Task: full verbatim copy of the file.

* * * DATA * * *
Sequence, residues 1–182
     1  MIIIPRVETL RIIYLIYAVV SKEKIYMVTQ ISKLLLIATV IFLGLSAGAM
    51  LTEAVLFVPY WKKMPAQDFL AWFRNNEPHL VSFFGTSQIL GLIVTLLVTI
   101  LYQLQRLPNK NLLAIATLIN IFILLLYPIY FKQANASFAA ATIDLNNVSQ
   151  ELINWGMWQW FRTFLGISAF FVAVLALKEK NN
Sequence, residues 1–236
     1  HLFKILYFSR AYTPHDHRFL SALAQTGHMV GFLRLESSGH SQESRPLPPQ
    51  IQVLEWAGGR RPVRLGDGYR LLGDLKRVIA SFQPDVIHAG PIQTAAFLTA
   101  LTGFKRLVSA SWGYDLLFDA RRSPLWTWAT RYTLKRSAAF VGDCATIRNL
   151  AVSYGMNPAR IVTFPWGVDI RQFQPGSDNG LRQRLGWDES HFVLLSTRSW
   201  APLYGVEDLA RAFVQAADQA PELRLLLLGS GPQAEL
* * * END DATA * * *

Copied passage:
Sequence, residues 1–182
     1  MIIIPRVETL RIIYLIYAVV SKEKIYMVTQ ISKLLLIATV IFLGLSAGAM
    51  LTEAVLFVPY WKKMPAQDFL AWFRNNEPHL VSFFGTSQIL GLIVTLLVTI
   101  LYQLQRLPNK NLLAIATLIN IFILLLYPIY FKQANASFAA ATIDLNNVSQ
   151  ELINWGMWQW FRTFLGISAF FVAVLALKEK NN
Sequence, residues 1–236
     1  HLFKILYFSR AYTPHDHRFL SALAQTGHMV GFLRLESSGH SQESRPLPPQ
    51  IQVLEWAGGR RPVRLGDGYR LLGDLKRVIA SFQPDVIHAG PIQTAAFLTA
   101  LTGFKRLVSA SWGYDLLFDA RRSPLWTWAT RYTLKRSAAF VGDCATIRNL
   151  AVSYGMNPAR IVTFPWGVDI RQFQPGSDNG LRQRLGWDES HFVLLSTRSW
   201  APLYGVEDLA RAFVQAADQA PELRLLLLGS GPQAEL